‘Octoroon’: Aboriginal identities

oc·to·roon

ˌäktəˈro͞on/

noun

dated or offensive

  1. a person who is one-eighth black by descent.

There is a certain power dynamic that comes as a result of the meanings that society attributes to words. A word can incite marginalization and empowerment all at the same time—as is the case with racial slurs and other forms of hate speech. This is the theme that the Ateneo Art Gallery’s new exhibit centers on.

Michael Brennan and Bindi Cole Chocka’s curation sets its sights to take back “octoroon,” a word only used to refer to what indigenous people were allowed to be, as opposed to who they truly were. Through the works of four Australian indigenous artists, the exhibit challenges previous conceptions of indigenous people and the Aboriginal.

The exhibit was opened to the public at the Ateneo Art Gallery on January 25.

Octoroon

“It was simply about trying to shine a light on the fact that identity for everyone is plural and multiple,” Brennan says on the concept of the exhibit. “Perhaps there was a level of expectation in institutions around on what aboriginal art should be,” he says, “I just want to challenge that a little bit, I guess.”

The exhibit came about through Brennan’s observations of existing exhibits in major institutions. “I had a suspicion…there must be other artists who identify as aboriginal but don’t want to talk about that as their main content of their art practice, they want to talk about other aspects of their identity,” he explains. Brennan adds, “If that was the case, why weren’t their voices being heard in exhibitions that major institutions were curating?” Through the Octoroon, Brennan hoped to provide a space for more diverse representations of indigenous people.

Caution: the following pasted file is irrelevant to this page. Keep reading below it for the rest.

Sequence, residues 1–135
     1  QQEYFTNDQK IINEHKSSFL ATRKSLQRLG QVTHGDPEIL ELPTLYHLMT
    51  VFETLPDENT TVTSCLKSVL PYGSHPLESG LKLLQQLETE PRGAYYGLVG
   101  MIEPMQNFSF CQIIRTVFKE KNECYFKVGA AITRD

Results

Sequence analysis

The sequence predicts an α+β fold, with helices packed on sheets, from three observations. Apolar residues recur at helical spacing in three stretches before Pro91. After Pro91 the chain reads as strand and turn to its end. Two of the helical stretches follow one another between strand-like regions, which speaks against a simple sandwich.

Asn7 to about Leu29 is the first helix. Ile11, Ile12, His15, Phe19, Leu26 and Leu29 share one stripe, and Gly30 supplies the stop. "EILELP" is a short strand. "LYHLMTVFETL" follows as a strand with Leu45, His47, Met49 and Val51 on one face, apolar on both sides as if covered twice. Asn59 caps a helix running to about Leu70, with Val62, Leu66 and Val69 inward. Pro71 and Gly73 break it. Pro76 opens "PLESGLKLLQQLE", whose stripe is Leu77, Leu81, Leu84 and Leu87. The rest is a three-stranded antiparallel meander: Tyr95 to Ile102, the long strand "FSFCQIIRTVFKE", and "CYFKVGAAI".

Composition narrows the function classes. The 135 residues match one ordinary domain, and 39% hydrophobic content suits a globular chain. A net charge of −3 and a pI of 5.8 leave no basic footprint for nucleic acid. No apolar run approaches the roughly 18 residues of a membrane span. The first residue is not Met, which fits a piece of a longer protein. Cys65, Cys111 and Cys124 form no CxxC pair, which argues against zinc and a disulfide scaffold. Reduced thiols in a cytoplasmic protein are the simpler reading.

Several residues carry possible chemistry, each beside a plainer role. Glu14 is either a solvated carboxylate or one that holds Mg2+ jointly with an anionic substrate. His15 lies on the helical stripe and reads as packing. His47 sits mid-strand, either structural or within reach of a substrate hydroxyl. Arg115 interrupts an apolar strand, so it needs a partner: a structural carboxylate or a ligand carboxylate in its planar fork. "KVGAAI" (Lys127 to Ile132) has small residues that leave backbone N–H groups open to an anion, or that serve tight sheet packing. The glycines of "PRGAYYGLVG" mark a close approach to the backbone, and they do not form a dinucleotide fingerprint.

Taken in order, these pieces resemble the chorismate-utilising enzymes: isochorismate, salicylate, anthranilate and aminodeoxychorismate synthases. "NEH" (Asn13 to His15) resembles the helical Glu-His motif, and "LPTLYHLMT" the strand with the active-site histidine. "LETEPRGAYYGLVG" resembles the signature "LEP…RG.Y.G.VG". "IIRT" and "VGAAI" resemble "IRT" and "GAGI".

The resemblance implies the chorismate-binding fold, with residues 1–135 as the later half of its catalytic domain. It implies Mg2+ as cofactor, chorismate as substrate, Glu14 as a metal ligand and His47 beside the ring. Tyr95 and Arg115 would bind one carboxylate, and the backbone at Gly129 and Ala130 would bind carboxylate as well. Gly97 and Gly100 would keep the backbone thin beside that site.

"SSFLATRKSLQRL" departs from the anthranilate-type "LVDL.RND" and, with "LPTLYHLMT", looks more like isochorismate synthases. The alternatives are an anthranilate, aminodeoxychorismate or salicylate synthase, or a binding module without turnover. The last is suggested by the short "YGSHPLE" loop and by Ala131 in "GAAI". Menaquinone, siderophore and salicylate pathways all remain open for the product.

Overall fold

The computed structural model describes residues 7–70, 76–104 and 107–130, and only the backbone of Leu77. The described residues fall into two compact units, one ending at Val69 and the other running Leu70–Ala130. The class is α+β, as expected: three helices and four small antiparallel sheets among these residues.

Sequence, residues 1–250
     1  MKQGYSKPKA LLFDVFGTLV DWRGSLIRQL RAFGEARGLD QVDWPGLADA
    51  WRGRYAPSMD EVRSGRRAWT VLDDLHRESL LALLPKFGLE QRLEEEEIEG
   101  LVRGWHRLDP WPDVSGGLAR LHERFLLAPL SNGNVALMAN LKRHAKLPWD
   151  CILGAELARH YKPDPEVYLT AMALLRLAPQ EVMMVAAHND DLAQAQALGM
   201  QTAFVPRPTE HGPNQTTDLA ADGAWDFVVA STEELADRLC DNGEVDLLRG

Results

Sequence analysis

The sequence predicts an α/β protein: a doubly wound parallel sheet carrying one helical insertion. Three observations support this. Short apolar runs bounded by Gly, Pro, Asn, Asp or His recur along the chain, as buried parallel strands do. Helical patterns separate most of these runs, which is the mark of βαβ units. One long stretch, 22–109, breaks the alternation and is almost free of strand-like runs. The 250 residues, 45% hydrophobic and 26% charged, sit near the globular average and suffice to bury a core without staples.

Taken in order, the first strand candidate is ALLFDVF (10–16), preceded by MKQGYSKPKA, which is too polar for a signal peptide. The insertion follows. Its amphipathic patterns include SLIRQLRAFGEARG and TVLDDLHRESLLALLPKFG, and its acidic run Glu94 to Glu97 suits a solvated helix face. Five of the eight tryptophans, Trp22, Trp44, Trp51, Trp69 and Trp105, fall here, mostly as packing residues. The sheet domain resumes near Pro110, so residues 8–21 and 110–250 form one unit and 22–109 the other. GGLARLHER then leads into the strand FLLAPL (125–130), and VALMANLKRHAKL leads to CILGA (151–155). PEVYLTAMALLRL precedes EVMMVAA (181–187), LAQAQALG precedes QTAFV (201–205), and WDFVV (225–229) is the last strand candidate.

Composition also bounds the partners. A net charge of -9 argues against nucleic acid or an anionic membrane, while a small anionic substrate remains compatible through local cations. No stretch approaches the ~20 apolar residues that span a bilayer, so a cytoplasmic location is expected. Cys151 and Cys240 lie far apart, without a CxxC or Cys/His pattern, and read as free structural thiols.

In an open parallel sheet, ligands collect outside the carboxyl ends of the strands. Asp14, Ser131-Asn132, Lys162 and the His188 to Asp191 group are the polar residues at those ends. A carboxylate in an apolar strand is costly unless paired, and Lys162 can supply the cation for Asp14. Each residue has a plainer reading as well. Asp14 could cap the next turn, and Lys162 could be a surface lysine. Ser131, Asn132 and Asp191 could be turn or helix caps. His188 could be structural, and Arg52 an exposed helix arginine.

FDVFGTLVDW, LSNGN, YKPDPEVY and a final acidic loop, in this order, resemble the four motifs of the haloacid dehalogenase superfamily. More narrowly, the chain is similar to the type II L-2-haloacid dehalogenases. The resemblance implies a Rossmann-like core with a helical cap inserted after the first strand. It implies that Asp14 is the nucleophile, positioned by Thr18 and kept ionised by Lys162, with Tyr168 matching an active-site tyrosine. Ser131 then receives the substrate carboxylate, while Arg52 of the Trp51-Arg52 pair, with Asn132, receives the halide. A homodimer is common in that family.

Indigenous art

There are three installations that are part of the exhibit. EH5452 by Chocka is a video installation made in 2012. The video shows Chocka reading from a book entitled “EH5452 Diary” in a blue-painted set, with white decorative clouds and black birds by her side. In the video, Chocka recounts her experience in prison and her journey to her faith. “EH5452 aims to turn something dark, hidden, and shameful into something light, revelatory, and beautiful,” Chocka says, as she describes the video online on her Vimeo account.

Steven Rhall’s installation Home Ground is an art installation that uses “found plastic twine, tarpaulin prints, found concrete block, 410 grams La Norenense chorizo en manteca de cerdo tin, 10 ½ Campbell’s cream of mushroom tin, 836 g of Today’s Mixed Fruit tin, 375 g Shanghai Luncheon Meat tin, poured concrete, and wood” as media. The tarpaulin prints depict scenes of everyday life and are pinned down by the weight of the tins tied to them.

Artists Peter Clancy and Helen Pynor work together on The Body is a Big Place, a joint three-channel and single channel video production. The single channel video shows two beating pig hearts connected to a heart perfusion system. The focus of the installation is to talk about organ transplantation, and to show how hearts are able to beat even after the body they used to inhabit is dead. The installation attempts to talk about the line between life and death and how organ transplantation is able to convert death from a moment to a duration.

Parallel to the heart installation is a three-channel video depicting people underwater sitting in chairs. Pynor explains at the Science Gallery in Dublin, where the live installation was previously presented, that the people in the video had experiences with organ transplantation and they used the water as a metaphor for their bodies as well as the relationship between the organ donors and the recipients.

Changing perceptions

More than a successful exhibit, Brennan’s hopes for the installation lie in a newfound understanding of the indigenous people’s identity—both for the audience and the people who identify as such. Beyond its contributions to the art community, Octoroon sheds light on what could have only previously been done by an institution that had monopolized such power in the past.

As Brennan puts it, “If anyone’s going to be defining what their identity is, it shouldn’t be institutions that do it necessarily, but it should be the people at the center of that identity, which is the people themselves.”

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